Once the builds are complete, they are then neatly organized by project, and the server generates trackable download links that can be used internally or emailed to select people:

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I’m looking forward to getting this battle-tested when the team returns next week. As we progress with Duet, I’m expecting this server to save us hundreds of man-hours normally wasted on the build process.

Why “Pylon”?

Because we play too much StarCraft II. Naturally, I named the server after the Protoss structure that enables you to build more units, the “pylon”.

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With Pylon, I’m hoping we’ll execute our build orders as efficiently in the office as we do in StarCraft. And if all goes well, we may decide to release this as a product for Unity users everywhere. But let us break it first — I wouldn’t even consider this alpha level software yet! We’ll keep you posted. 

Out of the Rectangle

auditoriumPanning

In the original Auditorium, the gamespace was just a single black rectangle. Although we’ve always been happy with how Auditorium turned out visually, we also think it would be fun to create a gamespace that gives players more colors, particles, and music!

So one feature that we’ve been prototyping (and we’re feeling pretty good about it so far) is a movable camera that lets Duet players move around a space that’s much more expansive than Auditorium’s gamespace. The GIF above demos this feature: players will be able to pan the camera and see different areas of any particular level.

The extra space will make it easier for two players to share the same level, and it’ll also give us more creative potential for making awesome puzzles and colorscapes. We haven’t yet decided what degree of camera freedom to use in puzzles, although we’re currently leaning towards a “horizontal” gamespace.

The Birds and the Bees

Where do Cipher Prime game ideas come from?

What we love most about being a game company is bringing our crazy ideas to life. When we’re not doing our “normal work” (chipping away at our main studio project, dealing with customer support, yelling at each other, etc.) we’re making silly little prototypes for fun.

But every so often we’ve got to knuckle down and make a cool product. So how do we do it? And how has our process changed over the years?

Auditorium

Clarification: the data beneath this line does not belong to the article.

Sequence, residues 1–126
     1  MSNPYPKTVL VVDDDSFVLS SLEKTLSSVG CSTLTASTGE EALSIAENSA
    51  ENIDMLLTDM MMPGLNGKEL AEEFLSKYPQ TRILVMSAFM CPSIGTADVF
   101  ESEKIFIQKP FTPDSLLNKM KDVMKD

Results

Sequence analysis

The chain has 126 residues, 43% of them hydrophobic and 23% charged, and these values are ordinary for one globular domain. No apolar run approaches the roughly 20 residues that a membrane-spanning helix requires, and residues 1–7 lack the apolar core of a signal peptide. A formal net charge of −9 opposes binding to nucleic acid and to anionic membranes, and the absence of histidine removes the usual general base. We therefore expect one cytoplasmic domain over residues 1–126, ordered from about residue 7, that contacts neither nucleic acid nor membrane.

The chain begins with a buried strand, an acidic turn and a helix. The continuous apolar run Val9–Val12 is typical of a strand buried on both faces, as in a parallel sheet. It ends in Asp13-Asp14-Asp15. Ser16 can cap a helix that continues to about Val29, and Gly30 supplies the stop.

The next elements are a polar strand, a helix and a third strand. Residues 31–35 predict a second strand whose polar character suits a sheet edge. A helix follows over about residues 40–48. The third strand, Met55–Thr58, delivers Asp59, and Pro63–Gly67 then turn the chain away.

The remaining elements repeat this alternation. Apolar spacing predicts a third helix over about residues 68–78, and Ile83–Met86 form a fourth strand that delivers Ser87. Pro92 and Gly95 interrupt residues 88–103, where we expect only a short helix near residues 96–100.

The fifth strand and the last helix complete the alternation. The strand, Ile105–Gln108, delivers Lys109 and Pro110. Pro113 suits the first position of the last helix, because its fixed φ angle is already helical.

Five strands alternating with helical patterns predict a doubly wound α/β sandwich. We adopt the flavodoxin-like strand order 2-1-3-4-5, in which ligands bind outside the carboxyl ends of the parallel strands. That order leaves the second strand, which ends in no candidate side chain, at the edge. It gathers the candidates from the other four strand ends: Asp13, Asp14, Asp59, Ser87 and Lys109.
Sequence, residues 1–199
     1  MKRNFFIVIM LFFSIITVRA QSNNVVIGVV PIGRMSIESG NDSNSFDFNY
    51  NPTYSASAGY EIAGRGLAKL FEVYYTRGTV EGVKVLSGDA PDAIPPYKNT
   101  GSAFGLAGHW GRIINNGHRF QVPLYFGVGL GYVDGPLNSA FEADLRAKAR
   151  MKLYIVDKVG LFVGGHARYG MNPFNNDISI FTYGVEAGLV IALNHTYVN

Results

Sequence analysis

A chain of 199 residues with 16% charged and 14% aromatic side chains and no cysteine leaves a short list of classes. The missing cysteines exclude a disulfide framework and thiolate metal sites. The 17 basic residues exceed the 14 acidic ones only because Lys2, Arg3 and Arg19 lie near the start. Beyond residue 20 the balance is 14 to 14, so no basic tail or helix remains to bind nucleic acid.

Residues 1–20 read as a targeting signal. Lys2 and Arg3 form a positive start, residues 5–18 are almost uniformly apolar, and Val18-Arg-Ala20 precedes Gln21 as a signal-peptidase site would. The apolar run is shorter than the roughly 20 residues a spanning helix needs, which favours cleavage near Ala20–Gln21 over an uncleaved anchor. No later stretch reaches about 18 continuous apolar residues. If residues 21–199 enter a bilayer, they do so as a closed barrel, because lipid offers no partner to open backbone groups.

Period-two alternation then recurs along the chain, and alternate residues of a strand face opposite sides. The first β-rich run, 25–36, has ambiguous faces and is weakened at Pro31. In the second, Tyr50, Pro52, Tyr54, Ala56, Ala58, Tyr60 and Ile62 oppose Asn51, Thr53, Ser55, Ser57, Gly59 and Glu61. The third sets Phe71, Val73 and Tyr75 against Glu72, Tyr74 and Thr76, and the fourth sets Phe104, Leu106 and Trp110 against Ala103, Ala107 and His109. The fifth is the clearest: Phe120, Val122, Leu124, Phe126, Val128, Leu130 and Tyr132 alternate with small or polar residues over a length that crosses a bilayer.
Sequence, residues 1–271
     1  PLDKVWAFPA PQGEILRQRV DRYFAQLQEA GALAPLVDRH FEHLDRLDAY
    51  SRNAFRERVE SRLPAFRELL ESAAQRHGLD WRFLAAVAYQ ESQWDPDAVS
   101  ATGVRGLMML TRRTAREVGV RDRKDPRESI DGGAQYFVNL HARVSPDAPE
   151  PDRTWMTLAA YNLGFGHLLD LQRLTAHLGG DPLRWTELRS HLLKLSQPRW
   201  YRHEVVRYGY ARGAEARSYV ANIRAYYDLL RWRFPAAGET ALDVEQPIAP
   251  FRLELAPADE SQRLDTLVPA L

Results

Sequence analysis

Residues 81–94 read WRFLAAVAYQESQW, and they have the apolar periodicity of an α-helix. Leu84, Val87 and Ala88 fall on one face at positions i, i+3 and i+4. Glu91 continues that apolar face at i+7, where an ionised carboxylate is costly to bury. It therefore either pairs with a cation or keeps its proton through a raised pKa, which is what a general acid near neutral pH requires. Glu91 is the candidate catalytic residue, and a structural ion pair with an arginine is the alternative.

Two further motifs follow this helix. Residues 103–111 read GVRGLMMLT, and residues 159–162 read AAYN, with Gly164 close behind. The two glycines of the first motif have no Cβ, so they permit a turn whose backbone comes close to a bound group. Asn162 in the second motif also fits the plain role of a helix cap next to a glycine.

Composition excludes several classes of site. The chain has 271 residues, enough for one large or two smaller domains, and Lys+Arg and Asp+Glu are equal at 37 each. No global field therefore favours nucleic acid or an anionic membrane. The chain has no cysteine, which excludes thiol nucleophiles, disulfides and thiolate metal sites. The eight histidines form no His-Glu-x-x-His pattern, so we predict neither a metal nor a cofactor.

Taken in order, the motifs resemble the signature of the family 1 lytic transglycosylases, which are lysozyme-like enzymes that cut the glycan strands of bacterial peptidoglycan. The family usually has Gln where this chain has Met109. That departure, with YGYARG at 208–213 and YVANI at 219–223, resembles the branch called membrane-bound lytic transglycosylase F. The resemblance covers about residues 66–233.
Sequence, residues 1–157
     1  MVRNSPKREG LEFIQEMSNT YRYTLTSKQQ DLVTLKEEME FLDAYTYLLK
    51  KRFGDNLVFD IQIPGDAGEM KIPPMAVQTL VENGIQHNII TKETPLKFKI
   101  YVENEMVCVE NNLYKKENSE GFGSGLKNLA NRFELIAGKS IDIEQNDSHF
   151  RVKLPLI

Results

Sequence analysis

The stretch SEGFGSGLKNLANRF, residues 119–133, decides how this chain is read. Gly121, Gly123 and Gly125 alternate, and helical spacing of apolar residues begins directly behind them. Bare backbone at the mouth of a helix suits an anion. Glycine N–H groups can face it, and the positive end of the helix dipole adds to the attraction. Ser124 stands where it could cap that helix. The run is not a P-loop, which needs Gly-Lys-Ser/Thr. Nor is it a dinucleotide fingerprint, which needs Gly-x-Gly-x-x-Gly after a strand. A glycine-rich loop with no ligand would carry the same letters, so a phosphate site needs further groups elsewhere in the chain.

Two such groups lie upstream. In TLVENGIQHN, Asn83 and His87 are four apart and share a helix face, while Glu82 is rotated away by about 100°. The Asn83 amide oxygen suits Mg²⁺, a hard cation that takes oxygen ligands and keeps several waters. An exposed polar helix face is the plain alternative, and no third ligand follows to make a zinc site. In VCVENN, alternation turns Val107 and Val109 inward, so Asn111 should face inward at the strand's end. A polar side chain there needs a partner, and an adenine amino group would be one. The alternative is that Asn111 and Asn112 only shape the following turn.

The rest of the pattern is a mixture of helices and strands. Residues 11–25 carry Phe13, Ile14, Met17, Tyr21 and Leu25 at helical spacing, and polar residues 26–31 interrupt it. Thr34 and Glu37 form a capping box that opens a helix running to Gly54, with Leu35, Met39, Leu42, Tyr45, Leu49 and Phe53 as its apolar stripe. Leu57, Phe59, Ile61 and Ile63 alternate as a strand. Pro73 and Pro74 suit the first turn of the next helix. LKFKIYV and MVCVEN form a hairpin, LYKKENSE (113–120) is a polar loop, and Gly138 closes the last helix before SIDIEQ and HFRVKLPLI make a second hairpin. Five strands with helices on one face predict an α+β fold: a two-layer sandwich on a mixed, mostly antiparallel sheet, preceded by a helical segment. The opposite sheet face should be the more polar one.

Cipher Prime started out as an interactive media company, doing Flash and other web development work. At that point, games were just a twinkle in Cipher Prime’s eye. Long story short, Auditorium began as a very different experience from what it is today. Young Dain and Young Will explain it all in this video (1:40-2:40):

Fractal

Our sophomore game, Fractal, was a more “traditional” creative experience, since we tried to design it from the ground up. It began as a competitive multiplayer arcade game, with everything prototyped out on paper, but ended up having something of an identity crisis as each member of the team gravitated toward making their own vision of the game. Fractal’s present-day arcade mode, puzzle mode, and campaign mode were each refined by different team members!

Fractal on paper.

Wanting to unify the creative process, Cipher Prime team members agreed in the future to make a prototype first, then show it to the team. If the team likes it, the team builds on it.

Pulse

Will drew the concept for Pulse out on a napkin. Nobody else thought it would work as a game. I mean, come on–it was on a napkin. So he built it out in Flash, along with a level editor. By forcing the rest of the team to play by tapping the dots in time to the music, Will convinced Cipher Prime to do its first rhythm game.

Splice

In 2011, Cipher Prime attended the Indiecade festival in Culver City, California. While there, Dain ended up coming down with a pretty terrible fever and was stuck in his hotel room the entire weekend. So what do you do when you’re stuck in the middle of a game development convention, having fever dreams about rearranging binary trees? You make the prototype to Splice. Afterward, he pitched it to the rest of Cipher Prime, and we ran with it.